The Downsizing Dozen: Make It Stick

Tape, anyone?
As long-suffering followers of this blog have read ad nauseam, I’ve been on the minimalist path for quite some time now, posting one-hit wonders such as Don’t Minimalize Your Bangs, Goodwill Hauling, The Urge to Purge, Hobbling the Hobbies, and my biggest blockbuster to date, What’s In YOUR Garage? Since 2009, I swear to you on my mother’s outdated china pattern that I’ve tried to walk the talk. So, imagine my surprise and shame while packing to move, when I repeatedly pulled out of various drawers and pandora’s boxes an endless assortment of . . . tape.

In shock, I felt moved to document the phenomenon in the photo above. That’s right folks, you counted correctly. There were no less than ten dispensers (couldn’t get them all in the picture) of sticky stuff. For every act of stickiness imaginable, I had all the bases (or folding flaps) covered. And this number doesn’t even include the medical tape I found, or the tower of duck, masking and electrical tape hiding in the garage, but that was to be expected.

No, the big mystery to me was how on earth a family of three had managed to buy and then forget about all that packaging tape. During her formative years, my daughter was (and still is) a very creative child who went through yards of tape to hold her projects together, bind her handmade book pages, fasten her abundant artwork on the walls, and ultimately leave waded on the floor only to be cut out of the hairs of a wandering family cat or dog later.

With all this taping of hers going on, I rarely had enough on hand to wrap the occasional gift much less mend a careless rip, in which case I was stuck with the ugly duck or masking tapes, and if we were out of those, then house caulk or chewing gum often came to mind. With the necessary scotch tape truly invisible to my naked eye, yet another entry to the weekly shopping list was made.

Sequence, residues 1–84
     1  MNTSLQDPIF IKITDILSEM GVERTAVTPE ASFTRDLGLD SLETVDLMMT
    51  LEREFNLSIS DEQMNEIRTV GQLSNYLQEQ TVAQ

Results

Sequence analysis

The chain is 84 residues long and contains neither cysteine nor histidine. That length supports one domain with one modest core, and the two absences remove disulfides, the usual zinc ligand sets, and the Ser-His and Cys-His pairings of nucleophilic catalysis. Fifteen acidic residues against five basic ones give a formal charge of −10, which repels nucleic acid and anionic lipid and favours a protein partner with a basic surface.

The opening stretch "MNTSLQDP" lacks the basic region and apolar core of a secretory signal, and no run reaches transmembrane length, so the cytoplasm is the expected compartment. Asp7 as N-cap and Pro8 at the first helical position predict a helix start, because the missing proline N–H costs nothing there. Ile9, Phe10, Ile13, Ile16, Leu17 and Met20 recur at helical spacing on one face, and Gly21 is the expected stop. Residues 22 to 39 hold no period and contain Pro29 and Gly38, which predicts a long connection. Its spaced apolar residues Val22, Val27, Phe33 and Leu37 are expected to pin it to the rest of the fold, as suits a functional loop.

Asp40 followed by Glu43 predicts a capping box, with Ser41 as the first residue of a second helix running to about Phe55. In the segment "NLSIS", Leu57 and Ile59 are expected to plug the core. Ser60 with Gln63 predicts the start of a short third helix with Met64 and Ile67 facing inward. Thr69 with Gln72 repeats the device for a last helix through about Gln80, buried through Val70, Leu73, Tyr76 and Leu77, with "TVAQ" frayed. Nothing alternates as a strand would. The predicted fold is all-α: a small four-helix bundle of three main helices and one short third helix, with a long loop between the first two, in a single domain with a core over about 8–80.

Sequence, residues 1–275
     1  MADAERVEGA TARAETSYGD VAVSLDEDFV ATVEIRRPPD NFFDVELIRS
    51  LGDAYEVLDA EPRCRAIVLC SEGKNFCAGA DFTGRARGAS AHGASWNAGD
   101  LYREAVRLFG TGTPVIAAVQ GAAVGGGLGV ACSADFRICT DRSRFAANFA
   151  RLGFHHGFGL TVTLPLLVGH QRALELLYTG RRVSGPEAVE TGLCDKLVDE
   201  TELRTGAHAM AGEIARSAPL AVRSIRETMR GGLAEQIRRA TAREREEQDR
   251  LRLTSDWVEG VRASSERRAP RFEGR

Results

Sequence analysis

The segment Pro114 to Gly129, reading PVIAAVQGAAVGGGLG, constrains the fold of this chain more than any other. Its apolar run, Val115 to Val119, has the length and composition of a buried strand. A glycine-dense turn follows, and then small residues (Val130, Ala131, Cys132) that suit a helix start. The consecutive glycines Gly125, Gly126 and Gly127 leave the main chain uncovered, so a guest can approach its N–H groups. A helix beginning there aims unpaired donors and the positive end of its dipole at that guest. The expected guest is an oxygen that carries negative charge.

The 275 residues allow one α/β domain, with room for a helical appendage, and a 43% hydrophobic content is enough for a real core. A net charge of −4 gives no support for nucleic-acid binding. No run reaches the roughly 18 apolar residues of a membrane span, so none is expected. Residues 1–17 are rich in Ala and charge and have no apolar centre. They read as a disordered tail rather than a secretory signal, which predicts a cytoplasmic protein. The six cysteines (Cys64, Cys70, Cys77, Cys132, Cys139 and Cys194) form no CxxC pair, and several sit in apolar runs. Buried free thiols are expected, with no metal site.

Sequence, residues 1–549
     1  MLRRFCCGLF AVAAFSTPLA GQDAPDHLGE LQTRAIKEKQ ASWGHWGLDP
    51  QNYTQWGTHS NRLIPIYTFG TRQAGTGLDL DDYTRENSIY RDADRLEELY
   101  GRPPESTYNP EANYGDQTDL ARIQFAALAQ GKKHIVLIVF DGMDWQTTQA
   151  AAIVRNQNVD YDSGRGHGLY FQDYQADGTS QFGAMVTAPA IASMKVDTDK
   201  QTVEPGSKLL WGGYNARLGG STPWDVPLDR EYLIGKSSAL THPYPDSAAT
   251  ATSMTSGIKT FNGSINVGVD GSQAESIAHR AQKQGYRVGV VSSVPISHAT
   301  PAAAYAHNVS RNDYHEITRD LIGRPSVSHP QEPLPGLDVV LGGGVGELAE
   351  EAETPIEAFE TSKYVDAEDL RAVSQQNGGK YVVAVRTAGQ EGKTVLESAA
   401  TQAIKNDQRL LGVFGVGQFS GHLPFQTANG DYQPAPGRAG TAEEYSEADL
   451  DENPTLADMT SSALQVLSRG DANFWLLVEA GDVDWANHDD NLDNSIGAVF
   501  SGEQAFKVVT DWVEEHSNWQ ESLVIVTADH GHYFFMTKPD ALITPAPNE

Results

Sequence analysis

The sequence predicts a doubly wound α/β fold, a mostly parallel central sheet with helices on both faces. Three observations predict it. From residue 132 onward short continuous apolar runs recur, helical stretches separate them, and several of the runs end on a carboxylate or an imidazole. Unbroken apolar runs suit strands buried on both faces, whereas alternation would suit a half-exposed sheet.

Here’s what I think happened: as the years went by, and my daughter’s appetite for temporary paper creations switched to sketchbooks and computer art, the tape dispensers disappeared into the gaping cavern of her closet, and fell behind the beanie babies and spirograph sets lurking on the back shelf. Our holiday gift wrapping has diminished (maybe that’s why we don’t have as many friends), and even when absolutely necessary, by then I had discovered the wonderful world of gift bags to fit any oddly (or normal) shaped object.

But here’s the big reason why I found so many. You ready for this? The reproductive habits of scotch tape are little known, so it’s my theory that they breed in any dark corner or unattended shopping bag. And in my case, they are known to disappear for years, only to reappear in multitudes. Furthermore, they are not the only office supplies known to do this–rubber bands and paper clips are also likely suspects.

So what can the unsuspecting suburbanite do when they open the door to a cascade of slippery plastic dispensers with their guillotines of tiny razor teeth? Follow these next steps carefully:

1) You evaluate possible causes of your dirty little secret, vow that you will go to great lengths not to recreate a similar environment ever again, and make that resolution stick.

2) You may be tempted to fling all humiliating signs of tape debauchery into the trashcan, but please take a deep breath, and think of a daycare center, classroom or craft program that would benefit, turning a bad situation into good.